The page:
What is good debt?

What is Good Debt?

As total outstanding debt balloons the question arises: are all acts of modern debt and credit creation bad? What is the function of a true intermediary in today’s modern economy? Jeff Deist and Ben Nadelstein discuss the role of intermediaries in today’s economy.

Connect with Jeff and Monetary Metals on X: @JeffDeist @Monetary_Metals

Additional Resources

Start Earning Interest on Gold

The Case for Gold Yield in an Investment Portfolio

How NOT to Think About Gold

Book by Jesus Huerta De Soto

Podcast Chapters

00:00 – What is Good Debt?

00:39 – Global Debt Levels

04:22 – The Problem with Debt

05:54 – Positive Interest Rates

07:16 – Interest Rates as Exchange Ratios

09:51 – Commodity Credit vs Circulation Credit

11:47 – True Financial Intermediaries

13:00 – Modern Banking

14:18 – Fiat Money and Credit

16:43 – Promoting Savings

18:34 – Irregular Deposits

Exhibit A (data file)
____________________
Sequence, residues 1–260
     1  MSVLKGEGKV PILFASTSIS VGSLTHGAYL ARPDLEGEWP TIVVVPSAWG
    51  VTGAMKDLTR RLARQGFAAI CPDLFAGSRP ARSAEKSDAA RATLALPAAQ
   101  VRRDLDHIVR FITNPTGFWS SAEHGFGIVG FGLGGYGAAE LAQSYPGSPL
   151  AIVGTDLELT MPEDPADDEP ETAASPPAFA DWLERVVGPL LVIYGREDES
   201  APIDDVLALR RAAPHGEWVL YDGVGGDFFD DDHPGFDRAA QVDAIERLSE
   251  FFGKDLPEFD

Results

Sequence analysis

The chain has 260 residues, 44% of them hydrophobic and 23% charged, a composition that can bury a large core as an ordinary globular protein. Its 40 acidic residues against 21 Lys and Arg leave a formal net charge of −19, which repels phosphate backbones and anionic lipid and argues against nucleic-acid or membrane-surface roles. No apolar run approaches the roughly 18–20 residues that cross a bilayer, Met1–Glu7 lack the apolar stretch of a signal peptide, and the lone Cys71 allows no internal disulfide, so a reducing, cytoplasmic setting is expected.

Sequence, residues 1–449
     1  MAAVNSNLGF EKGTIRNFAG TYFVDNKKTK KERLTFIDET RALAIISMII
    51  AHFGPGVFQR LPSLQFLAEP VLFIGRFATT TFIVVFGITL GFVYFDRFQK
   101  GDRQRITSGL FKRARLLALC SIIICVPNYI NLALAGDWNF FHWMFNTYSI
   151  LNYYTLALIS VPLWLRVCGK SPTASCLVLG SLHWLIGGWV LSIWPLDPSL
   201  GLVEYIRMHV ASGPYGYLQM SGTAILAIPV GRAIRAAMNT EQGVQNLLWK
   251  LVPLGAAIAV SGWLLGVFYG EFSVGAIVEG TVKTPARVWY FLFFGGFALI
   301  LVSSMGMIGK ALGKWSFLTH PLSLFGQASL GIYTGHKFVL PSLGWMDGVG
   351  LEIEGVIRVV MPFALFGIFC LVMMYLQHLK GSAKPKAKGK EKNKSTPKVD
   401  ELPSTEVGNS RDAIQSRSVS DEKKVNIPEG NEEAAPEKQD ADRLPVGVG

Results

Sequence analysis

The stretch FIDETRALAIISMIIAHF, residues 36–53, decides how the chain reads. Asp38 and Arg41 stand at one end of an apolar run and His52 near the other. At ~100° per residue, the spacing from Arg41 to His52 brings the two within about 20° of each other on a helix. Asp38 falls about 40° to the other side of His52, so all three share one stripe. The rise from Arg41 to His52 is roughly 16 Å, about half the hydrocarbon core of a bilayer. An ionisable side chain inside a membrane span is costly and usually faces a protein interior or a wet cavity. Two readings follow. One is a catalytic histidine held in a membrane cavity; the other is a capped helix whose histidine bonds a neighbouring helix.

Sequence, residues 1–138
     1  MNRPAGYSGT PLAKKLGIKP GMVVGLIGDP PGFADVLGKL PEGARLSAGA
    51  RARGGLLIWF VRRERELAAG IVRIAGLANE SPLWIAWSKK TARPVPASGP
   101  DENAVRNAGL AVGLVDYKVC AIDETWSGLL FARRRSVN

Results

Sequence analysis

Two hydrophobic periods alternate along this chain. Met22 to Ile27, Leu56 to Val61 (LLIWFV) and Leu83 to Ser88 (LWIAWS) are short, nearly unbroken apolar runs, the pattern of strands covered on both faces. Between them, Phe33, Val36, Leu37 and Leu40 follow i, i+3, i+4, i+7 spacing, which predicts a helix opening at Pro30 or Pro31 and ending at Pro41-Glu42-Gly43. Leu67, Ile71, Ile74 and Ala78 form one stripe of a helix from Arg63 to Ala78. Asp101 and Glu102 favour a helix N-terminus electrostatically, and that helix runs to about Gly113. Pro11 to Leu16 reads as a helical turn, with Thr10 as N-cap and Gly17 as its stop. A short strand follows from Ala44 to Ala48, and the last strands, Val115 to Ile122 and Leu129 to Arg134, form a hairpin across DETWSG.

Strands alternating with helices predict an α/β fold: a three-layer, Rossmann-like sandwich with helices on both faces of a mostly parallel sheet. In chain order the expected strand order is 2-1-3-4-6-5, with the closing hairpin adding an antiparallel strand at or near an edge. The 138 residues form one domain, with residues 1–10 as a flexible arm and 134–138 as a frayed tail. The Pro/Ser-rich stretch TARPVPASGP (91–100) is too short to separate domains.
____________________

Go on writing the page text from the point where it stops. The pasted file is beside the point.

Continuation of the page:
21:00 – How to Earn a Yield on Gold


Ben Nadelstein:

Welcome back to the Gold Exchange podcast. My name is Benjamin Nadelstein. I’m joined by the general counsel of Monetary Monetary Metals, Jeff Deist. Jeff, let’s talk about good debt and a little bit about bad debt today.

Jeff Deist:

Yeah, absolutely. It’s obviously one of the biggest topics in the world today, in the financial world, especially if we think about the global financial crisis of 2008. Just before that, in 2007, there was about 140 something trillion dollars worth of global worldwide debt. So what do we mean by that? We mean sovereign debt at the government level, we mean corporate debt, and we mean individual household debt as well. So 100 4150 trillion dollars back in 2007, which wasn’t all that long ago. Fast forward to today. After COVID, there’s more than $300 trillion worth of global debt. So what that means is that nothing in terms of what the Fed or other central banks did at following that crisis, did anything to deal with the underlying problem, which is just that there’s too much debt. And what do I mean by that? I mean that I don’t think there’s any scenario by which we could say that the productive capacity of the world, or of individuals or of corporations or not even the productive capacity, but the capacity of governments to tax their citizenry, I don’t think anyone would argue that that has more than doubled just since the 2008 crisis.